When we see ourselves with less, we find it easy to believe in scarcity and limits. When we admit to scarcity, we create economic and social and political conditions that allow some to have and many to go without.

And when many go without, we create a damaged and sad – not to mention dangerous – world.

We forget that nature does not have a core business, except that of diversity, abundance, and continuance. We cannot see abundance when we are purposely generating scarcity with our intentional optimizing of individual products and processes.

(Fortunately Schaller was writing in his capacity as a US federal employee, which means Planet3.0, and everybody else who preceded us or who followed us in using the “beyond sustainability” catchphrase, will probably not end up in trademark court.)

So, while I think I would happily embrace technologies that Schaller would probably eschew, this idea of a radical adoption of the methodologies of nature, and particularly of purposeless exuberant play in collaboration with nature rather than singleminded, grim and competitive optimization in frank indifference to nature, I think we are of like mind.

Anyway. Yes. Yes to Schaller, and yes to Bruce Sterling.

We should indeed abandon that which has no future.

We should imagine ourselves not as enemies of nature, nor as in an uneasy truce with her, but as collaborators with nature, co-conspirators with nature, living in a world where beauty and elegance matter, and where profit beyond the point of social benefit is seen as tasteless and crass.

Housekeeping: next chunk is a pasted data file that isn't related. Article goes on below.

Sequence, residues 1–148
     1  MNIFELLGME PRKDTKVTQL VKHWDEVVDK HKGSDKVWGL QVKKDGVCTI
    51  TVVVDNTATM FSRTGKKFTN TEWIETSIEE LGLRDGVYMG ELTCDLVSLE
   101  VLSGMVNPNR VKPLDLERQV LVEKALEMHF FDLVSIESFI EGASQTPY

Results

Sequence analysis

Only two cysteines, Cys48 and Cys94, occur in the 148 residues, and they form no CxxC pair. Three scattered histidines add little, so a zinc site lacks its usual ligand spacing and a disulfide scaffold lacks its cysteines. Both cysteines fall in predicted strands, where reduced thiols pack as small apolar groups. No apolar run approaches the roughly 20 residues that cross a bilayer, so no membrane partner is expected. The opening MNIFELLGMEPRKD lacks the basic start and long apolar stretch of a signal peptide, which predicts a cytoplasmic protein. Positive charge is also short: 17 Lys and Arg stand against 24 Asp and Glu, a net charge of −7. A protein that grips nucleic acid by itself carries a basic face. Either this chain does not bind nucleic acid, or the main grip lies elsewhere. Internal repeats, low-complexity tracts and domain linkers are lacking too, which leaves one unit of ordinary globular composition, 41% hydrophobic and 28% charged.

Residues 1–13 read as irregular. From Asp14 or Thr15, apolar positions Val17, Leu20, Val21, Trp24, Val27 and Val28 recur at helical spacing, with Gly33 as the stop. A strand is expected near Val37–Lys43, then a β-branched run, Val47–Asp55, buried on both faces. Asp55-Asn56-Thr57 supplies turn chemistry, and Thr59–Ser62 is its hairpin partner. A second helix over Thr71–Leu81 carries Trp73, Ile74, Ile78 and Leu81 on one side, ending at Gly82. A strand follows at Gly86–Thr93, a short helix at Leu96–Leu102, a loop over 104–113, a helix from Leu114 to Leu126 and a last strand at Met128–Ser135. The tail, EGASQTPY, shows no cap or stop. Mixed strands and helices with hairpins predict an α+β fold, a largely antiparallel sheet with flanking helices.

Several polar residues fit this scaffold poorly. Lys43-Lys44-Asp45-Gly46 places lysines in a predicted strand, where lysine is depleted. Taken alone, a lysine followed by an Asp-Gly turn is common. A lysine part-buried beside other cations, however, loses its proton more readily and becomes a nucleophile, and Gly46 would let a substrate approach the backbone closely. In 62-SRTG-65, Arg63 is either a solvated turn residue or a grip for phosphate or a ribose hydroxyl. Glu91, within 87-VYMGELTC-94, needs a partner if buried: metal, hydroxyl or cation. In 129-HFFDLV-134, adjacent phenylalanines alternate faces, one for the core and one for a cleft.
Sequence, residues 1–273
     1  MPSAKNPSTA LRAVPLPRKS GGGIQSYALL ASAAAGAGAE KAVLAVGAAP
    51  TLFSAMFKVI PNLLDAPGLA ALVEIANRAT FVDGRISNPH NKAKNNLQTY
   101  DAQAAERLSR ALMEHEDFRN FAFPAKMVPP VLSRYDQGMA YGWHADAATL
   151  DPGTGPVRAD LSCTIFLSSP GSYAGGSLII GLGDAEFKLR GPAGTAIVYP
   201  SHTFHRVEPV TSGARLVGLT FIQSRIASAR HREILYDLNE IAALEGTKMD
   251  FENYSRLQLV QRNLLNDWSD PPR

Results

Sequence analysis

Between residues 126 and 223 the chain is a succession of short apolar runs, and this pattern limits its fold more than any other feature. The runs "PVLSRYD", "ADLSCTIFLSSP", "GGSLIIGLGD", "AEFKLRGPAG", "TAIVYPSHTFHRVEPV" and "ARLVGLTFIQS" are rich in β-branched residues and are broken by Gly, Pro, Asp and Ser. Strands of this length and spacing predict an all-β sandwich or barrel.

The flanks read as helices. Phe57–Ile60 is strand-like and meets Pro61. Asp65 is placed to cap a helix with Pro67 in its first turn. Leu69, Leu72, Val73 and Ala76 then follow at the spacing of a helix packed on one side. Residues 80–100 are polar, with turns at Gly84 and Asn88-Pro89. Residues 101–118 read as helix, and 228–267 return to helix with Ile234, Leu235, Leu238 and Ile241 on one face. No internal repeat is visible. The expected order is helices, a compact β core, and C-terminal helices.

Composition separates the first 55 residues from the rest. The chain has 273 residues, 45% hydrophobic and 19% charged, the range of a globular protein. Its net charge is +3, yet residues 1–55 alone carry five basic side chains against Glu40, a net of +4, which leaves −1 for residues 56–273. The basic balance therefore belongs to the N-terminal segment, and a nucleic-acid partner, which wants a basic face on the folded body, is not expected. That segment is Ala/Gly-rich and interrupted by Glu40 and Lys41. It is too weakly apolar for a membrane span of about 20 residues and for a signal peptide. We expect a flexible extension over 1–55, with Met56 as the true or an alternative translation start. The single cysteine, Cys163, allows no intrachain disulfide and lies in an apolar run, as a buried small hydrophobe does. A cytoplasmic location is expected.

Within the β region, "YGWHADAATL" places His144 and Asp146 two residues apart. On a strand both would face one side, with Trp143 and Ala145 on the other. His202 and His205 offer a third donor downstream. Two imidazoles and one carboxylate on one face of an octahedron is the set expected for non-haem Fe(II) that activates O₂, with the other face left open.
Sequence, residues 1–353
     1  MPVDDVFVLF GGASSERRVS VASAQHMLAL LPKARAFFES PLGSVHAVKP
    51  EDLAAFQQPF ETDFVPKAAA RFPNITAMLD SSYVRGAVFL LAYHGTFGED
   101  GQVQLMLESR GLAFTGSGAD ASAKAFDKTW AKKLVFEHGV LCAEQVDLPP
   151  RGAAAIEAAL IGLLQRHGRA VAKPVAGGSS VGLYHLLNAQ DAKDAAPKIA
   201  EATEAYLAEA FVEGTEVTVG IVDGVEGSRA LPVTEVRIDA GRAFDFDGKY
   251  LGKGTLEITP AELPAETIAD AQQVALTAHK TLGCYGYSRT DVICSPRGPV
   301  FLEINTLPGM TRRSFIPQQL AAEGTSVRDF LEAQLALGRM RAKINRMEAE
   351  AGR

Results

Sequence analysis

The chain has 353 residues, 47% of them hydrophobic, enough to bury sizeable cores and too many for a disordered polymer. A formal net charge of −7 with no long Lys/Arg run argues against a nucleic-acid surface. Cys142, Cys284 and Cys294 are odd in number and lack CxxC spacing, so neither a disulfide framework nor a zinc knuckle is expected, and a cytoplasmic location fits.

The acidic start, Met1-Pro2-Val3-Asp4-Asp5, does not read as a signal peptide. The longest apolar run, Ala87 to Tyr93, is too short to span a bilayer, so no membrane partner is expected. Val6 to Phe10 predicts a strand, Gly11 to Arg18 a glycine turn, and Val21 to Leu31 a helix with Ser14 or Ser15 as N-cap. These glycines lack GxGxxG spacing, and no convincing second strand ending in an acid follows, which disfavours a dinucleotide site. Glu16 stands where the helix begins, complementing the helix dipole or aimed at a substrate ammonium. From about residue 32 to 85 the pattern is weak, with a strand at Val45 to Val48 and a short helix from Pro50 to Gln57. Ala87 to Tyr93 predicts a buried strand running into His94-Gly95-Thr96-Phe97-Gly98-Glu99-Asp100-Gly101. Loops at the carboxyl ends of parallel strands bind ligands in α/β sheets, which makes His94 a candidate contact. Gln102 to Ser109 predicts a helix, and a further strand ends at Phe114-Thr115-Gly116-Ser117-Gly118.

Imagine living buildings and three dimensional farms. Imagine time at your disposal, and encouragement for your expression. Imagine a world of art and music. Our capacities really are immense.

We have reached an amazing technical level. There is plenty for all to share. Nobody needs to starve, or go without shelter, or without education, entertainment, or modest medical care. Competition and striving is not only unnecessary; it has become dangerous. It is time for us to relax and enjoy, to create and build out of exuberance, generosity of spirit, and love.

Let’s not push capitalism past its point of utility to the point where it eats us up. Let’s instead, use our prosperity while we have it, to design a world of delights, and then let’s relax, and enjoy it.

The time of hard work is over. The time of confusion that is upon us can be ended. Too much abundance becomes glut. (We have long since reached the tragic state where people are dying not for lack of food but rather for lack of money.)

The solution to pollution is slack. The antidote to pointless slogging is joy. The way to defeat evil is with radical, uncompromising kindness.

And what of those dark cliffs looming ahead? That is the height of your achievement.


Image Cliff at the Basque Country by Mario Antonio Pena Zapateria (“Oneras”) is in the Creative Commons (CC by-SA 2.0)


  1. A tad too technocopian for my taste. We need to get a wee bit more intimate with nature's workings, not just leave enmity behind. We are in fact embedded in nature and part of it. This needs to be realized not only on the material level (technology, science) but also philosophically/spiritually (start with M Heidegger and H Jonas). Without that first step, forget about even sustainability.

  2. Indeed. It's cornucopianism to my liking. Great diagnosis of our Nature Attention Deficit Disorder: The vicious circle of manufactured scarcity.